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lively. It is very true, that in the latter part of his life, when he told a story, he was always the last to laugh at it, and seldom went beyond a particular easy smile on any occasion that I remember.
The man will never be contented! He has already twice as much as I; for I am told he has a good thousand pounds a year, and yet I am told he is as eager for more preferment as ever he was.--The same.
Let Clarke make half his life the poor's support;
But let him give the other half to CourtWas a couplet in the manuscript for the fourth book of the Dunciad; but I believe I shall omit it, though, if rightly understood, it has more of commendation than of satire in it. The same.
I had all the subscription money for the Iliad, and Tonson* was at all the expense of printing, paper, &c. for the copy. An author who is at all the expenses of publishing, ought to clear two-thirds of the whole profit into his own pocket.—The same. [For instance, as he explained it in a piece of 1000 copies at 3s. each to the common buyer, the whole sale at that rate will bring in 1501. The expense therefore to the author for printing, paper, publishing, selling, and advertising, should be but 50l. and his clear gains should be 1001.] *
* This I believe is a mistake of Mr. Spence. It was Lintot, I think, that published the lliad. M.
What is your opinion of placing prepositions at the end of a sentence? - It is certainly wrong, but I have made a rule to myself about them some time ago; and I think verily it is the right one. them so in common conversation, and that use will authorise one, I think, for doing the same in slighter pieces, but not in formal ones : in a familiar letter for instance, but not in a weighty one; and more particularly in dialogue writing: but then it must be when the people introduced are talking, and not where the author appears in his own person.—The same.
* This calculation is inaccurate and fallacious. Each of these books must be sold by the author's publisher to the other booksellers for 25. 3d. and the produce will be but 1121. 10s.; consequently, supposing a volume of 22 sheets to cost but 501. including the publisher's per centage, the author gains but 621. 10s. But such a book at present (1794), would cost in printing and paper 671. and advertising and publishing would consume 15l. more. Total 82l. consequently the author would gain but 30l. 10s. To gain a hundred pounds on such a book, it ought to be sold by the booksellers for 4s. 6d. M.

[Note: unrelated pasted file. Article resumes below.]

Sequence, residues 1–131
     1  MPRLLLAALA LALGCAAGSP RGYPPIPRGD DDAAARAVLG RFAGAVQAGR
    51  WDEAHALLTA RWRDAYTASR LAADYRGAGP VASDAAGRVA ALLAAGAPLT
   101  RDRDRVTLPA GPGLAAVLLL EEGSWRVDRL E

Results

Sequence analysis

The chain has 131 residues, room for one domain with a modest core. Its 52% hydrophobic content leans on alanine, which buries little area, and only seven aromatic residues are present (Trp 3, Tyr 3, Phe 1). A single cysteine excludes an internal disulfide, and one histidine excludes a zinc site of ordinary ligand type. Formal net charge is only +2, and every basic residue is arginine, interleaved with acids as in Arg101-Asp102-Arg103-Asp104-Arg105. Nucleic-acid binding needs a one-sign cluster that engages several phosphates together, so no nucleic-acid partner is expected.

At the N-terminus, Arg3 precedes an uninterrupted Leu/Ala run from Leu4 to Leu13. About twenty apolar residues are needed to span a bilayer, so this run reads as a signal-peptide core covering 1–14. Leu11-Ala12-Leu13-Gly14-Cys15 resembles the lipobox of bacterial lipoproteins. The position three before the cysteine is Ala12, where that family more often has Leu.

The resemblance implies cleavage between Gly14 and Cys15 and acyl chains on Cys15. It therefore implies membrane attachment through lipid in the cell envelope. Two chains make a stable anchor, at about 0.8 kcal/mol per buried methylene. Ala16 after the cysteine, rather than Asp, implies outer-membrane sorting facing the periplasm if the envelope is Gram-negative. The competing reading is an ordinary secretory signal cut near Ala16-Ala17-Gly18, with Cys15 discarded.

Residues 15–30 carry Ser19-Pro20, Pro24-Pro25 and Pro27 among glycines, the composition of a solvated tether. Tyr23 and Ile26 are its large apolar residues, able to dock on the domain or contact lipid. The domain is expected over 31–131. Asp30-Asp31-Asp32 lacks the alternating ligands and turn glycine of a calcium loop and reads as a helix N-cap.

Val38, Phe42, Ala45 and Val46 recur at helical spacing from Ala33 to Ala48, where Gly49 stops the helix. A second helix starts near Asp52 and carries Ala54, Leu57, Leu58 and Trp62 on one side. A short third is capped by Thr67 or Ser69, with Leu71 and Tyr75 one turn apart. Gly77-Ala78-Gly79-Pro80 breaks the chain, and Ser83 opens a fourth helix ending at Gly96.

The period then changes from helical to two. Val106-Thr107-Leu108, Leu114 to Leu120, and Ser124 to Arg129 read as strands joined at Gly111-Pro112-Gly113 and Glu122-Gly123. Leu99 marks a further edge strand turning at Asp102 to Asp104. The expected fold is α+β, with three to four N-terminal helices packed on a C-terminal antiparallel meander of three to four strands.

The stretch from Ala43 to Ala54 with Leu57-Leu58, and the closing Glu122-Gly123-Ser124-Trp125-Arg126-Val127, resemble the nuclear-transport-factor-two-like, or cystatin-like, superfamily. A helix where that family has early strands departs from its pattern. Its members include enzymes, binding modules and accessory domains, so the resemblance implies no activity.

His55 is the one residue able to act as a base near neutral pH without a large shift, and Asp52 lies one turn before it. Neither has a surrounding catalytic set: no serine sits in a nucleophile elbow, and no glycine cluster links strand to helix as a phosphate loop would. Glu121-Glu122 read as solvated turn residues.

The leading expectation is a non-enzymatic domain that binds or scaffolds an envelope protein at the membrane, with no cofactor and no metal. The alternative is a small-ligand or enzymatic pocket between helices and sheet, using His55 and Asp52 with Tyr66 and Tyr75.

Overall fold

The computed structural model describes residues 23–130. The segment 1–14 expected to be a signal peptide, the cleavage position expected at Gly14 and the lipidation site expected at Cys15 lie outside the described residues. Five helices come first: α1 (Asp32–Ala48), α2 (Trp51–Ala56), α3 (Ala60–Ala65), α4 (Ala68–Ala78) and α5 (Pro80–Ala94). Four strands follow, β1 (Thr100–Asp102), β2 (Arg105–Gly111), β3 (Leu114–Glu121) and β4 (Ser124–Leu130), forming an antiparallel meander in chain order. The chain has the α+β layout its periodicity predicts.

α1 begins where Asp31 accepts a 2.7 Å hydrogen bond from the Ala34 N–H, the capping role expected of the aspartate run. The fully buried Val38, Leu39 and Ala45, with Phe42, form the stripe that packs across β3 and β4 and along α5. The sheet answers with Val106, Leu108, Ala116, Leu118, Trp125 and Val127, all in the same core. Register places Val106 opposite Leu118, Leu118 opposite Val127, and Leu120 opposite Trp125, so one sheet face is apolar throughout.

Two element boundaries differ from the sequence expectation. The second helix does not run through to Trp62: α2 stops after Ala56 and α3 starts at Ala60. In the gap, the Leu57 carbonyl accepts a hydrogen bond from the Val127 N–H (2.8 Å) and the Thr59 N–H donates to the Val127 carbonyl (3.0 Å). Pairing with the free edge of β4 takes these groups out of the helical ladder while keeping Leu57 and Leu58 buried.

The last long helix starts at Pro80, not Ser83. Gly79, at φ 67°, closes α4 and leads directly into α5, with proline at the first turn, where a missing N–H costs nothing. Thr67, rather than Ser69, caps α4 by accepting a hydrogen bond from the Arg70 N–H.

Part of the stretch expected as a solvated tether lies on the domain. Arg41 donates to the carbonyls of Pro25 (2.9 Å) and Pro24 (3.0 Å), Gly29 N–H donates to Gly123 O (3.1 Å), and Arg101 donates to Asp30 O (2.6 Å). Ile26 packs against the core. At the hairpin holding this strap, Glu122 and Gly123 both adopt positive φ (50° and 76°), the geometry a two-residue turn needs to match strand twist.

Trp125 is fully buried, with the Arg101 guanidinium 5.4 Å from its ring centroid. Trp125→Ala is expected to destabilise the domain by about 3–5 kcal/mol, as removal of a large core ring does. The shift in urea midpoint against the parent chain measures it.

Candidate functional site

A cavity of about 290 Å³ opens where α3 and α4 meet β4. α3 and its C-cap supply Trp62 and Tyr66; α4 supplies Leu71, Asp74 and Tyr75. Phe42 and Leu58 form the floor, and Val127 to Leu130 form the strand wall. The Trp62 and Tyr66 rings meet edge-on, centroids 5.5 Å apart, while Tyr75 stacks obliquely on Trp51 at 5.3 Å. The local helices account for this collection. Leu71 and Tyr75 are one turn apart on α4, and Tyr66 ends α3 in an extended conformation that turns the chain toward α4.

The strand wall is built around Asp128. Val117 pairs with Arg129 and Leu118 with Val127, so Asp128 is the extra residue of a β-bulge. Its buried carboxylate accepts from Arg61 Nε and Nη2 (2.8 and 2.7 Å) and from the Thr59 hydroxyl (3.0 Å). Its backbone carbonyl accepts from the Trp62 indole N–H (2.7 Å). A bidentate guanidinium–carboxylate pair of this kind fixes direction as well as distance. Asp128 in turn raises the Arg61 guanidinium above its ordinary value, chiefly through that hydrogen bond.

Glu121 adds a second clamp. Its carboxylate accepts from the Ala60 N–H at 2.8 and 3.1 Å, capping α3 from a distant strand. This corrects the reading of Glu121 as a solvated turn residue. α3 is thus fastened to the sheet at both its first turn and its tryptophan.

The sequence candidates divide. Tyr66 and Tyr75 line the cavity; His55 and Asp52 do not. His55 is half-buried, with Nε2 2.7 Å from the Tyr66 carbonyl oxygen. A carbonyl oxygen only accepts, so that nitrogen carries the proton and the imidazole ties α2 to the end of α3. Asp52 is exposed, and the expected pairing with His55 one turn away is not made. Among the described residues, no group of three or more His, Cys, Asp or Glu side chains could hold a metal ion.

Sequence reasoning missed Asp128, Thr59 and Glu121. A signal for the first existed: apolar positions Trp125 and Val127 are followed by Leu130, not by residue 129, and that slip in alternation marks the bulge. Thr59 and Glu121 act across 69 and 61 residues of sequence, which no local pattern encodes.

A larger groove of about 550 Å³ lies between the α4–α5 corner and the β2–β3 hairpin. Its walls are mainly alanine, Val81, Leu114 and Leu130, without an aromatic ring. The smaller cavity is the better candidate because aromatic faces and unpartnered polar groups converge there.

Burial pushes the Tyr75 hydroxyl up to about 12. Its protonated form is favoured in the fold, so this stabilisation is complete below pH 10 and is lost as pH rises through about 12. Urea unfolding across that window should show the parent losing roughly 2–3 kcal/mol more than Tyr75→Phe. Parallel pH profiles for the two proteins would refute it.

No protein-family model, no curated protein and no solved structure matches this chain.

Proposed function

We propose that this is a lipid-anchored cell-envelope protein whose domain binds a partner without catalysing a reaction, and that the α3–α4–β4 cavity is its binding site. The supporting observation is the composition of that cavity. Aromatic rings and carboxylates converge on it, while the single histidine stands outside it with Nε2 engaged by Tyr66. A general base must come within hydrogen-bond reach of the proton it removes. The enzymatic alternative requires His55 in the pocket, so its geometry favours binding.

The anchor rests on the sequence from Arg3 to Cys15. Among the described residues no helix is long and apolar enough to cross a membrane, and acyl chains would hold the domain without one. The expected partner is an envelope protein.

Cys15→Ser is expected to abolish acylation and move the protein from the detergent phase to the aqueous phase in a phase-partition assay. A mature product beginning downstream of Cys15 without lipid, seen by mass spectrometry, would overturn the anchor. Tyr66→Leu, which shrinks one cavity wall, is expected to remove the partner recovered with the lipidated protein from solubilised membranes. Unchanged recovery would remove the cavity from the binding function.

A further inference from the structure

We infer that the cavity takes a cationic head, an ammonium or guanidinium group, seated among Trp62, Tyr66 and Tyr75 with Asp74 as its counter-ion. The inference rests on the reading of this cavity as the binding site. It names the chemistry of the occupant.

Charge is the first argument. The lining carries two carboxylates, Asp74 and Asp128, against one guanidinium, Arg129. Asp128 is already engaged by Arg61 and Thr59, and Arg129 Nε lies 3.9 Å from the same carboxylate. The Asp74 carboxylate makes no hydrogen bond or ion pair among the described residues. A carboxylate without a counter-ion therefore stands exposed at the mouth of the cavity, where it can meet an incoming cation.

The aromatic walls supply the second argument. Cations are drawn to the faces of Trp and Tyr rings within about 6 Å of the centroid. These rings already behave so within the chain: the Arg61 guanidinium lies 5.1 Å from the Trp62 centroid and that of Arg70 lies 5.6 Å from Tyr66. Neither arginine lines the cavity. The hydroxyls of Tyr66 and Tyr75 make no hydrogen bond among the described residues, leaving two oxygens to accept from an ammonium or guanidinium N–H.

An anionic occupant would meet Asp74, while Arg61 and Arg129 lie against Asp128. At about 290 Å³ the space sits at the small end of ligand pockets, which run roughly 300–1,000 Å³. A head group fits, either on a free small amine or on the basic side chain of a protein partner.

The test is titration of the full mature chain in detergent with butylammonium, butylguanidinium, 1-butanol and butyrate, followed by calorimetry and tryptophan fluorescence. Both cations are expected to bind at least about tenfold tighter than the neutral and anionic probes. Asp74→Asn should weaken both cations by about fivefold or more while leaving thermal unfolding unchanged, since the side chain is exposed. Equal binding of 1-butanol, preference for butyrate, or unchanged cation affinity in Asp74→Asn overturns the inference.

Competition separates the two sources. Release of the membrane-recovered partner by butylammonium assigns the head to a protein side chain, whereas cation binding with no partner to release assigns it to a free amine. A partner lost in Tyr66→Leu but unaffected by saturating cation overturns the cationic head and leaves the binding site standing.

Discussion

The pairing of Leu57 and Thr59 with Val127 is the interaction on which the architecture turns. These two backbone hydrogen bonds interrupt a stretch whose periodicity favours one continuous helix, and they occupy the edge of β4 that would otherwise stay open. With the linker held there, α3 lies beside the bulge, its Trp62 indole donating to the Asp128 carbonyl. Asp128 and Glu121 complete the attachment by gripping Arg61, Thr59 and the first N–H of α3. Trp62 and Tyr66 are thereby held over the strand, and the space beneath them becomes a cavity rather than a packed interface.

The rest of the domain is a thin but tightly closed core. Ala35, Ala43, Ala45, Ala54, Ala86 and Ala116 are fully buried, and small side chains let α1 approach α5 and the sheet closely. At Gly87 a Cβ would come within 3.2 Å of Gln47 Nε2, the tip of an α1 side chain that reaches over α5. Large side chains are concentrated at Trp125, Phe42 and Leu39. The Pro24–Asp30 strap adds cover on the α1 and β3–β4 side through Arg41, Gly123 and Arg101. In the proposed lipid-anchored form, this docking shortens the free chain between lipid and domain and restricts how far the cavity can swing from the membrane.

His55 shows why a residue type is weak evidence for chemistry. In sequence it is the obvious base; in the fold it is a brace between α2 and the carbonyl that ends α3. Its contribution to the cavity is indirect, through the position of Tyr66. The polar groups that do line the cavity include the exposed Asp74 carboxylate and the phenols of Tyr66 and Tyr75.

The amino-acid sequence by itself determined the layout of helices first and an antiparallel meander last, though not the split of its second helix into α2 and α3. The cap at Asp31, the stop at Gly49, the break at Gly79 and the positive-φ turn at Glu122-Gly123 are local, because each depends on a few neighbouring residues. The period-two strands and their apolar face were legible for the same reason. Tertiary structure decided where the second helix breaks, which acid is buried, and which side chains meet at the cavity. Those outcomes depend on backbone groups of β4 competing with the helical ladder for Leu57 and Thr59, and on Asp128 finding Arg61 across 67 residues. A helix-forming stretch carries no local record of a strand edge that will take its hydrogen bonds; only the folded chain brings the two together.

I finished my tragedy on the pretty story in St. Genevieve's life, when I was about thirteen.—Mr. Pope.
I have formerly said, that Virgil wrote one honest lineSecretosque pios; his dantem jura Catonem.
Æn. 8. 670. and that I now believe was not meant of Cato Uticensis.—Mr. Pope.
What terrible moments does one feel after one has engaged for a large work! In the beginning of my translating the Iliad, I wished any body would hang me a hundred times. The same. It sat so heavily on my mind at first, that I often used to dream of it; and do so sometimes still. When I fell into the method of trans
lating 30 or 40 verses before I got up, and piddled with it the rest of the morning, it went on easily enough; and when I was thoroughly got into the way of it, I did the rest with pleasure.-The same. [He used to dream that he was engaged in a long journey, puzzled which way to take, and full of fears that he should never get to the end of it.]
The bust of Julius Cæsar in the long open gallery (at Florence) has a very weakly look, and is as like Mr. Pope as any
bust that has been made on purpose for him.-Mr. T.
It was my fate to be much with the wits : my father was acquainted with them all. Addison was the best company in the world. I never knew any body that had so much wit as Congreve. Sir Richard Steele was a very good-natured man; and Dr. Garth a very worthy one.-Lady M. (at Rome). [Lady Mary Wortley Montagu.]
When I was young I was a vast admirer of Ovid's Metamorphoses, and that was one of the chief reasons that set me upon
the thoughts of stealing the Latin language, Mr. Wortley was the only person to whom I communicated my design; and he encouraged me in it. I used to study five or six hours a day for two years,
father's library, and so got that language whilst every body thought I was reading nothing but novels and romances. The same.
I do not remember that there was any such thing as two parties, one to set up Pope, and the other Mr. Addison, as the chief poet of those times. It was a thing that could not bear any dispute.—The same.
You are very wrong in thinking that Mr. Pope could write blank verse well: he has got a knack indeed of writing the other ; but was he to attempt blank verse, I dare say he would appear quite contemptible in it. The same.
I admired Mr. Pope's Essay on Criticism at first very much, because I had not then read any of the ancient critics, and did not know that it was all stolen. The